Again, removing the glass panel is quite dangerous, especially if it is broken; therefore, wear protective gear for safety. When it comes to removing the glass panels, there are a few ways you can approach the process depending on the material and how it is secured on the door. Panels attached to the door using putty, also referred to as glazing, are the easiest to detach. All you need to do is remove the putty with a putty knife, and the glass panel will come off quickly. However, if the glazing is dried up and proving difficult to come off, consider heating the glazing putty for a couple of minutes using either a steam heater or a super-heater infrared, according to The Craftsman Blog

If the glass panel is broken, you might need to tape the back side of the glass to prevent the glass pieces from flying in every direction. This will save you from a tedious cleanup after the task. Glass panels are secured using moldings on uPVC doors, which should come off quickly by scraping off the adhesive edge. Timber beading, on the other hand, is relatively more difficult to remove because they are nailed in position. If you can remove the beading successfully using a chisel, you can reuse them later when replacing the glass panel.

Insert the new glass panel

As easy as it might appear from the beginning, having an extra hand to help you with a few things during the process is necessary. If using putty or glaze, you must know that it is often challenging. Therefore, you will need to knead it first into a pliable consistency. Place the window pane, apply the glaze on the edges, and press firmly. Be sure to scrape off any excess using a putty knife.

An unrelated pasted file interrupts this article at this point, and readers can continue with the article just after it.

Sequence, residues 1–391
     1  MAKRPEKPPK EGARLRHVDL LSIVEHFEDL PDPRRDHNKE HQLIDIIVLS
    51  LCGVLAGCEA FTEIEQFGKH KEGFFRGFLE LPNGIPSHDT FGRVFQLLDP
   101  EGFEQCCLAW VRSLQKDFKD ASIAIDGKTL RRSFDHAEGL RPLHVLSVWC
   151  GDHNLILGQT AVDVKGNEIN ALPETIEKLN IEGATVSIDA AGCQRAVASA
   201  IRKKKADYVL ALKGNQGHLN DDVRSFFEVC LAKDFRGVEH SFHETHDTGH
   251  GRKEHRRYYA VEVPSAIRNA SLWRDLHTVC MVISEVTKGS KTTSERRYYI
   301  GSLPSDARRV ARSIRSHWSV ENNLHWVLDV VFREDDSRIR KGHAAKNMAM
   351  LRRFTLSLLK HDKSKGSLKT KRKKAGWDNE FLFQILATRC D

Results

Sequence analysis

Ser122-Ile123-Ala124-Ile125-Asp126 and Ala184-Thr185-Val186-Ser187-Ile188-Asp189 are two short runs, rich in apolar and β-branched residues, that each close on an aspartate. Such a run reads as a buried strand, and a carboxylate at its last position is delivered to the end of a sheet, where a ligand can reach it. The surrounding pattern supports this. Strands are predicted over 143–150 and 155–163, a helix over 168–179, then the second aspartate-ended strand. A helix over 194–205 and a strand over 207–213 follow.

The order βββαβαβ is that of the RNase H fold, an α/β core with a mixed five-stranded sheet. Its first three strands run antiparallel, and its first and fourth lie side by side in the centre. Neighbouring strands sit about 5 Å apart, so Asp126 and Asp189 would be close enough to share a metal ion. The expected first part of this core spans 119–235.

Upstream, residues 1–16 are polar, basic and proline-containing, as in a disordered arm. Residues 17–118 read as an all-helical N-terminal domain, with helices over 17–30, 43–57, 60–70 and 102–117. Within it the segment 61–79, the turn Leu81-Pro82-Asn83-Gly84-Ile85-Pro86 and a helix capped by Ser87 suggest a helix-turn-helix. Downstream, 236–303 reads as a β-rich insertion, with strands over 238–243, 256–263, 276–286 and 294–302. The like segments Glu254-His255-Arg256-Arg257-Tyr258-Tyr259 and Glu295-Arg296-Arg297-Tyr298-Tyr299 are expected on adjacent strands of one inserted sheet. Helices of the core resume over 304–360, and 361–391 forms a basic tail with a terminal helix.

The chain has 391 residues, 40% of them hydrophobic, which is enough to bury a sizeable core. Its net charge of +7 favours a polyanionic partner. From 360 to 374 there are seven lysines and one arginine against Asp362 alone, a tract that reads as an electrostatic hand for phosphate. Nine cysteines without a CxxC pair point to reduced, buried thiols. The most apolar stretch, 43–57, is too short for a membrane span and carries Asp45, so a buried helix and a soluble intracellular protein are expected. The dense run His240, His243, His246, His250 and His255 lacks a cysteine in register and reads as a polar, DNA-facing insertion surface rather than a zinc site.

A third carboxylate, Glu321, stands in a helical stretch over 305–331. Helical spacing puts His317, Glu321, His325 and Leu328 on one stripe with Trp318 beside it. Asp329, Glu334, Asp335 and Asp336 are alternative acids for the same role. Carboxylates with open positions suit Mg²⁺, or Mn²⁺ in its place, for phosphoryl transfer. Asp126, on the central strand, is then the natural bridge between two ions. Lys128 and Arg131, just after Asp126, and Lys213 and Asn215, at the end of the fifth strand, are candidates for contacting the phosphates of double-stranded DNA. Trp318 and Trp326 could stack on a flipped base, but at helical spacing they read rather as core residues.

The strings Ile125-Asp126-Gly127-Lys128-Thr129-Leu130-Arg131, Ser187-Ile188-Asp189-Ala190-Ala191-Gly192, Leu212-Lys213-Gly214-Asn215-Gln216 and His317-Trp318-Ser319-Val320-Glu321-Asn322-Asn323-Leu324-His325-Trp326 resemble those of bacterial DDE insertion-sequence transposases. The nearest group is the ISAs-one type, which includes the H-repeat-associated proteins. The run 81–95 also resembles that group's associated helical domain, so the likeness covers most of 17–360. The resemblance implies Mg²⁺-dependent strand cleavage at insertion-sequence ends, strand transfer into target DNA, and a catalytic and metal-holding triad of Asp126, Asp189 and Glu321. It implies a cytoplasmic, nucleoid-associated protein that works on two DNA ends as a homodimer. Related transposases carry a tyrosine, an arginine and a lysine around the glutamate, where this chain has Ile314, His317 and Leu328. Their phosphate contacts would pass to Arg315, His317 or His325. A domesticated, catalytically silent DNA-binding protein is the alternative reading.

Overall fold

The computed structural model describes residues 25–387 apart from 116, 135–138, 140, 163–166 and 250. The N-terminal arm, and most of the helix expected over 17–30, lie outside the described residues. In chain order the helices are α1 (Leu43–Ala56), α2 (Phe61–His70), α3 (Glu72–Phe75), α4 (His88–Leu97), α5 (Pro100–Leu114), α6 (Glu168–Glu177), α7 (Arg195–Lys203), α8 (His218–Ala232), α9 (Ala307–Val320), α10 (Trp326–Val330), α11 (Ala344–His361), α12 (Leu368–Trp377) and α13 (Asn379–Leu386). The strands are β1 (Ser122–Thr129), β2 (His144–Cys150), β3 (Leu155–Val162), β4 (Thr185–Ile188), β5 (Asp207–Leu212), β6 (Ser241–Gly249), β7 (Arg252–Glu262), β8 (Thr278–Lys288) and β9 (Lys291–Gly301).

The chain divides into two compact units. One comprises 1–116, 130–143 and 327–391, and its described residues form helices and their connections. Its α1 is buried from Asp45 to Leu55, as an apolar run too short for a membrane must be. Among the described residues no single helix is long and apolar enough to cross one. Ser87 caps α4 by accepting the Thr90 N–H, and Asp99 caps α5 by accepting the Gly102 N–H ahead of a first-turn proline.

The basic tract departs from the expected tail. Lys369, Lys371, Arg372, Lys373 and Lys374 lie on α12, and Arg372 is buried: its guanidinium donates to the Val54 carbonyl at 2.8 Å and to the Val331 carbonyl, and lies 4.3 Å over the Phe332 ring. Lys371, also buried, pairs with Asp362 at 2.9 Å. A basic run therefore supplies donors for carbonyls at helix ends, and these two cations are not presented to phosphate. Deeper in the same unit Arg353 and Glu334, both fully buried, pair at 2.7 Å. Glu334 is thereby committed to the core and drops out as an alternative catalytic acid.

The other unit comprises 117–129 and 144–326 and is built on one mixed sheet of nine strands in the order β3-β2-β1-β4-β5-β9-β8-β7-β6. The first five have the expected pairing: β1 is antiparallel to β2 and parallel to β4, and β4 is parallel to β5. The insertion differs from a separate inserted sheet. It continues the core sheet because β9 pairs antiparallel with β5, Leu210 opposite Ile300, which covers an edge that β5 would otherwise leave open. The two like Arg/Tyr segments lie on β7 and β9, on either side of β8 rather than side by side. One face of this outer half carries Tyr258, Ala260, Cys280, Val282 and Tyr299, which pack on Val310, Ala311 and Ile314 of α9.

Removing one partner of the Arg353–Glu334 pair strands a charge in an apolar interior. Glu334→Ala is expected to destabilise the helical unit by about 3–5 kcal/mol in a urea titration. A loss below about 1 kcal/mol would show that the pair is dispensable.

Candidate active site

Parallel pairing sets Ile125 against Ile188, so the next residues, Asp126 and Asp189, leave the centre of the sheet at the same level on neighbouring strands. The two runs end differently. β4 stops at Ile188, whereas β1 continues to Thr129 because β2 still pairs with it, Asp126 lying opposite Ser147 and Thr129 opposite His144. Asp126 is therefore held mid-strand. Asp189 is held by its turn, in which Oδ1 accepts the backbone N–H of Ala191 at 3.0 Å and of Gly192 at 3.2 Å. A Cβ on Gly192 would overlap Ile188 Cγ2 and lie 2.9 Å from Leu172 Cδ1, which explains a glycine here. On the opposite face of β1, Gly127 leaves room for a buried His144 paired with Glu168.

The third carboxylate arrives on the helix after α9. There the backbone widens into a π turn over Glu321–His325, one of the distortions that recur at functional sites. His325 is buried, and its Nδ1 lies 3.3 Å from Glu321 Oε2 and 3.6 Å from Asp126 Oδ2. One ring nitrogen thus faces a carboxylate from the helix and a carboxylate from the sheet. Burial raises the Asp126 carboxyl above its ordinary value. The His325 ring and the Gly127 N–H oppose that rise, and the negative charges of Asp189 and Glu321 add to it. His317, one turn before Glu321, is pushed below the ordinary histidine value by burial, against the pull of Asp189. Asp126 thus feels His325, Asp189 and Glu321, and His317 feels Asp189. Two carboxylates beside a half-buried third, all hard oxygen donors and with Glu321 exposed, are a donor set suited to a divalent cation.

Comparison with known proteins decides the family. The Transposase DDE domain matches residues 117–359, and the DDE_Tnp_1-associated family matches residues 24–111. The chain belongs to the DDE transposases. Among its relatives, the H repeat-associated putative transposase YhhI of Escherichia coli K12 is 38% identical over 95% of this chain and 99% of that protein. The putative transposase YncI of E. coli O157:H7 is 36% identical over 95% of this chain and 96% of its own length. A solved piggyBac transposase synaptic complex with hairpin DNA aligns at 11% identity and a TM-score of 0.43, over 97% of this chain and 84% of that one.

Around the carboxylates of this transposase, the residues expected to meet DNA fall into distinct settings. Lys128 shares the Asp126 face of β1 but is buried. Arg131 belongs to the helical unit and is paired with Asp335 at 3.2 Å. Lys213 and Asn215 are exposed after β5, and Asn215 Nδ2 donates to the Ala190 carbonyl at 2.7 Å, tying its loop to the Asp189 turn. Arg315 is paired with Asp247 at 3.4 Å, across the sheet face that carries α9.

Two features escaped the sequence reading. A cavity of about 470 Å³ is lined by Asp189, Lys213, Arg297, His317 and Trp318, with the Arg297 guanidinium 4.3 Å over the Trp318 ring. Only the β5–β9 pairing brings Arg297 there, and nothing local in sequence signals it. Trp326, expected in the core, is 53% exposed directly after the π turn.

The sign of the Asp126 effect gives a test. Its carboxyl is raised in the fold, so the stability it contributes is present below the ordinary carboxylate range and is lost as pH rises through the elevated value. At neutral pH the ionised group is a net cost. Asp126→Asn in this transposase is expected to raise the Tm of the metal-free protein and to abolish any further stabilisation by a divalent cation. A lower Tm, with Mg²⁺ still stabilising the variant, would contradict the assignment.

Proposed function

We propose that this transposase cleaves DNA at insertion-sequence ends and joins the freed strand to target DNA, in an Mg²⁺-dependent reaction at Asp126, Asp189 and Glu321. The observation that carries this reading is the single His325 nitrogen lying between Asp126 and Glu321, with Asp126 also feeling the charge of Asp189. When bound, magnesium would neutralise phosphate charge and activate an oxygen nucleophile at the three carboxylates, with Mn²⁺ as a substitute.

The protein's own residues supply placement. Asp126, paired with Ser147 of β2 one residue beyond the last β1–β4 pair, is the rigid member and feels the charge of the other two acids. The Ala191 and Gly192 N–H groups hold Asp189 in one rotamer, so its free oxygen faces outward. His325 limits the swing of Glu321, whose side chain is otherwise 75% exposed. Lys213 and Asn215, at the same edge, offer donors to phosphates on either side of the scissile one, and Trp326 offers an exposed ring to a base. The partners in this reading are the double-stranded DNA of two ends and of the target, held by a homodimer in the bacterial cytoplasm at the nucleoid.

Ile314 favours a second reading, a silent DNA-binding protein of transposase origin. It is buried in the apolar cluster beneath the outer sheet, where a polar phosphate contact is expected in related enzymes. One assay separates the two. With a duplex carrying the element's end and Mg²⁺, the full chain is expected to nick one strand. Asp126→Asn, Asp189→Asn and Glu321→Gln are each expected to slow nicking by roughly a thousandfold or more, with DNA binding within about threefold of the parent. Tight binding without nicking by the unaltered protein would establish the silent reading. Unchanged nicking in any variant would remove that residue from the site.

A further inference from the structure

Typically when using putty or glaze to secure the glass panel, you should be aware that it takes up to 15 days to dry and cure completely, via HPD Construction. Until then, you should avoid painting or tampering with the glass panel lest you compromise the binding process. Meanwhile, remove the mess, clean, and keep away the tools. On the other hand, plastic beads are affixed into position on the door using adhesives while timber moldings are nailed into place.

Paint if necessary

While painting is not necessary for every scenario, it is a good way of giving your door a new look. Moreover, painting your door after replacing the glass panels will not only give it a seamless appearance but also hide the imperfections that might have occurred during the process. This is particularly important if it is the front door to your house. 

Remember, your front door is the first thing your guests will interact with before getting into your home, and if first impressions do matter, then you need it to be in stellar condition. Typically, you don't need a lot of paint, especially since you are only repainting a single door in your home. As a general rule of thumb, be sure to use more than one layer of paint, preferably two, according to Coat. Also, allow the first coat to dry completely before adding the second. Finally, be sure to scrape off any paint imperfections!